Similarly, for the past 10 years, Benshengren have been immigrating to upscale neighborhoods in Los Angeles and Orange County such as Cerritos and Irvine respectively. The city of Cerritos is located in Los Angeles County but borders Orange County and has a large diversity of Asian immigrants. The city of Irvine has a very large Benshengren population, though now more and more Waishengren and Mainland Chinese immigrants have flocked to the city. The Irvine Chinese School, which serves mostly the American-born children of Taiwanese immigrants, is one of the largest Chinese Schools in the Orange County area. These immigrants belong to branches from some of the most politically and economically powerful Taiwanese families (with the surnames Chiang, Chen, Cheng, Kung, Tsai, and Wu).

Convenient Taiwanese-oriented strip malls and shopping complexes are typically complete with supermarkets and restaurants, thus Taiwanese American suburbanites have very little need to visit the older Chinatowns. In addition, shops offering imported Taiwanese goods allow for young Taiwanese expatriates in the United States to keep up with the current trends and popular culture of Taiwan. Taiwanese Americans have also brought with them Taiwanese cuisine to the communities they have settled, which, possibly excluding bubble tea, is not generally well-known or served outside these aforementioned Taiwanese immigrant enclaves.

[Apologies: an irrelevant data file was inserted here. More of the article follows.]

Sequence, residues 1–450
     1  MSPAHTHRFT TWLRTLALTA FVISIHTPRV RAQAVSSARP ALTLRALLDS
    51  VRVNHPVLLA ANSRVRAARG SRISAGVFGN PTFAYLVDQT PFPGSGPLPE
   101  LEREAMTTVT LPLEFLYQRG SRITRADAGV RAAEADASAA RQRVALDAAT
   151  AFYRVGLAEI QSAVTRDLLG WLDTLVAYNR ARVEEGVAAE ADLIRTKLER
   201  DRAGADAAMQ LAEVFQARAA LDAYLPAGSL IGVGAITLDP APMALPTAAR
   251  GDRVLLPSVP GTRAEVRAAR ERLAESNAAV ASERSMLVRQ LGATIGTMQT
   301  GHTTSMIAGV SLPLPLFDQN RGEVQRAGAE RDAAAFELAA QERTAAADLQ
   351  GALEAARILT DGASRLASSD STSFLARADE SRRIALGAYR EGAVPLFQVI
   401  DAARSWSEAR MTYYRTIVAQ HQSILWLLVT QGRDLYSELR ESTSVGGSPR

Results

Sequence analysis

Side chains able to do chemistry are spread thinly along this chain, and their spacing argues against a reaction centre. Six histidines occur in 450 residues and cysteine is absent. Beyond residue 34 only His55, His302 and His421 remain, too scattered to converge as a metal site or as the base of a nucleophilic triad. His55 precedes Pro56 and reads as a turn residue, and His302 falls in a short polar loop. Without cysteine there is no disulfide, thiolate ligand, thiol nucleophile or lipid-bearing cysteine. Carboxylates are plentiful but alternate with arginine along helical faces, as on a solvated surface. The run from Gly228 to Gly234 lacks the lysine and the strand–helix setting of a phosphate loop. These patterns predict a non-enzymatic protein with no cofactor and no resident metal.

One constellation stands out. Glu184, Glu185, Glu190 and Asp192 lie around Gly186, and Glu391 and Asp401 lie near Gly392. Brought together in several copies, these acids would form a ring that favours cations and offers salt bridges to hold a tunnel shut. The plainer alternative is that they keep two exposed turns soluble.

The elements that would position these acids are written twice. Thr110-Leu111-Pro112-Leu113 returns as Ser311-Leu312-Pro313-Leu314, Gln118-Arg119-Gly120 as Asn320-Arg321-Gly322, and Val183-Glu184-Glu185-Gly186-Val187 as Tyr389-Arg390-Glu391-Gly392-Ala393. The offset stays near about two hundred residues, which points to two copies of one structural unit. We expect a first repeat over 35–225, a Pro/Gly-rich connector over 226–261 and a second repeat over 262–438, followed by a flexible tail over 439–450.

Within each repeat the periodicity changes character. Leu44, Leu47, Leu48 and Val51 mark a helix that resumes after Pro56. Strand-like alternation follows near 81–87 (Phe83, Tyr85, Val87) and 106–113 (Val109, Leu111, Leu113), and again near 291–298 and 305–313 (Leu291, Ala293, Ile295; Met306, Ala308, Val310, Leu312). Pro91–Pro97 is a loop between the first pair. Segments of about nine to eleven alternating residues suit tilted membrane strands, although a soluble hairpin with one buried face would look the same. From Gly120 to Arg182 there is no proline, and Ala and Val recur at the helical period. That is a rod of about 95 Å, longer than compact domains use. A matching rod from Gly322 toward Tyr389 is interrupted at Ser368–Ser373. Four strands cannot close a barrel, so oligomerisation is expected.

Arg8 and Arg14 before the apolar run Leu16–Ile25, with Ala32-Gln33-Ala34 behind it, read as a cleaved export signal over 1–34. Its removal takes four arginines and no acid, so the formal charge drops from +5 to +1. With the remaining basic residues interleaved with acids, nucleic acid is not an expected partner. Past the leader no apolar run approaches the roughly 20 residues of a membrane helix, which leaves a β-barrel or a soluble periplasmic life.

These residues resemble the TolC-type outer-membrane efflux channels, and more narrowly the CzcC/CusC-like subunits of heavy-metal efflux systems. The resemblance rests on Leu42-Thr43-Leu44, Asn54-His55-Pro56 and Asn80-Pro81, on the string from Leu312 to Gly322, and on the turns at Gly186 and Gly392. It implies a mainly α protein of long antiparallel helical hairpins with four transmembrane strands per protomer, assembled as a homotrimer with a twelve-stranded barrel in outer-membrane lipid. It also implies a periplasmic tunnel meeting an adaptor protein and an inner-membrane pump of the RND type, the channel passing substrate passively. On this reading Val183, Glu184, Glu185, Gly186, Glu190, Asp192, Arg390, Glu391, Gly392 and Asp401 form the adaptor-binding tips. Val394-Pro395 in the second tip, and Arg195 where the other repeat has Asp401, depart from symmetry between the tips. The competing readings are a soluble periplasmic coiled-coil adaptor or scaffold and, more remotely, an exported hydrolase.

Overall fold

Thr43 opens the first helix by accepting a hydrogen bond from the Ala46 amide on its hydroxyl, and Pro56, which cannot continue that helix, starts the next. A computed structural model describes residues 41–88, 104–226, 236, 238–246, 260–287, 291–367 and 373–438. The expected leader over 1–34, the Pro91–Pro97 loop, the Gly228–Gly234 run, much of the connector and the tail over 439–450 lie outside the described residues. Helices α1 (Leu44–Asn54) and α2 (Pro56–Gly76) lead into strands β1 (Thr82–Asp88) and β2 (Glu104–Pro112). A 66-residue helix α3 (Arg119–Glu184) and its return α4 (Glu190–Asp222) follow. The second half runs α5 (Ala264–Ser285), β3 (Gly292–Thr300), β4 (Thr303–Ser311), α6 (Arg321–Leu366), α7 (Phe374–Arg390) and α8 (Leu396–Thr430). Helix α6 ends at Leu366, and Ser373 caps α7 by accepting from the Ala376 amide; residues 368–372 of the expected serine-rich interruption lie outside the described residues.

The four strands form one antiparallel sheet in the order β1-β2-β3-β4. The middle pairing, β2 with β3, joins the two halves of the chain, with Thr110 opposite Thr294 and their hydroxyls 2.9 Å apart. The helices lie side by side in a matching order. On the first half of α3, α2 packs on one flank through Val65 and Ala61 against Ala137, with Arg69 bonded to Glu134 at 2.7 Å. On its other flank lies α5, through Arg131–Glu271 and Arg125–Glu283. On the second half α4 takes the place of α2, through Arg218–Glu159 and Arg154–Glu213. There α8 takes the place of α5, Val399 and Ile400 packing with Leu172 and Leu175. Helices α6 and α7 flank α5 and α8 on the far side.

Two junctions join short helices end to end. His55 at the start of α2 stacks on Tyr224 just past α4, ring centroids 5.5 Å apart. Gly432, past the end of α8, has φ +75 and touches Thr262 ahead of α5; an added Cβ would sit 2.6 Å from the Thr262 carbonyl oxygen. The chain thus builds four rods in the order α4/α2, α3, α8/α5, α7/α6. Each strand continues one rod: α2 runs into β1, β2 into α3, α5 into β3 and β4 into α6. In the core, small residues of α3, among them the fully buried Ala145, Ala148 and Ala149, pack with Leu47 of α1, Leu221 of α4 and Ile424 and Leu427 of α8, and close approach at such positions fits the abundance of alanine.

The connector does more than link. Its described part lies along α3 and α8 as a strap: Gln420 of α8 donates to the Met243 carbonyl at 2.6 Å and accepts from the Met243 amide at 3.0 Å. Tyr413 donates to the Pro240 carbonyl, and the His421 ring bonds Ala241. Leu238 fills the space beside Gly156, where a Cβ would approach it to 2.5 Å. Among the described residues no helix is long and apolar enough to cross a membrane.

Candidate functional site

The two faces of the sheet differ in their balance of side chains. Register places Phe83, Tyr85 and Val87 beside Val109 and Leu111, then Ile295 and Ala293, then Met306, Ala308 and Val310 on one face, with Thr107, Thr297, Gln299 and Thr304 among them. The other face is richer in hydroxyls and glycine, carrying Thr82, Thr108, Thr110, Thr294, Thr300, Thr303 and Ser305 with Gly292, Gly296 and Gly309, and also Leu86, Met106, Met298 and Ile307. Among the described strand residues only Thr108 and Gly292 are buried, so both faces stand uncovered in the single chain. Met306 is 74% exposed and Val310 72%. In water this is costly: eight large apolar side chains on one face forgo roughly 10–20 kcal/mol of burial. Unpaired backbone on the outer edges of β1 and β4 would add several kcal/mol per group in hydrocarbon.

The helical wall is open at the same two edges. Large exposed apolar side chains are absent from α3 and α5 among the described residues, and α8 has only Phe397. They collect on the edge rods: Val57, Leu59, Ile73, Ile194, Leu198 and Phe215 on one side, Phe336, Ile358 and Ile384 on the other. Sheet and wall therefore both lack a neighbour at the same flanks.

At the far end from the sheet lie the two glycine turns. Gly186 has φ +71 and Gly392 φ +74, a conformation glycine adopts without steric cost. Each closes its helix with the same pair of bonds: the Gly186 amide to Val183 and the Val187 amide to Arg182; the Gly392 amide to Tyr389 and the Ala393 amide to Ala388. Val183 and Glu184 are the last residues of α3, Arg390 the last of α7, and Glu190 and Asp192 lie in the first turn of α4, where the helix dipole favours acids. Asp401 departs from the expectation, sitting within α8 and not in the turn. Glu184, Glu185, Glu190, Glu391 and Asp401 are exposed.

[edit] Organizations

Organizations geared towards Taiwanese Americans include the Formosan Association for Public Affairs, Taiwanese American Citizens League, and the Intercollegiate Taiwanese American Students Association. In addition, most cities with concentrations of Taiwanese Americans have a Taiwan association or Taiwan Center.

The first Taiwanese church established in North America is Winfield Reformed Church in 1969 in Woodside, New York.

[edit] American media

The Taiwanese also run several of North America's major Chinese-language newspapers, such as the World Journal and the International Daily News. However, these influential and highly-circulated newspapers are not geared solely to the Taiwanese, but rather serve the Chinese-speaking immigrant readership. Pacific Journal is weekly Taiwanese-run newspaper that is geared more exclusively toward Taiwanese readers.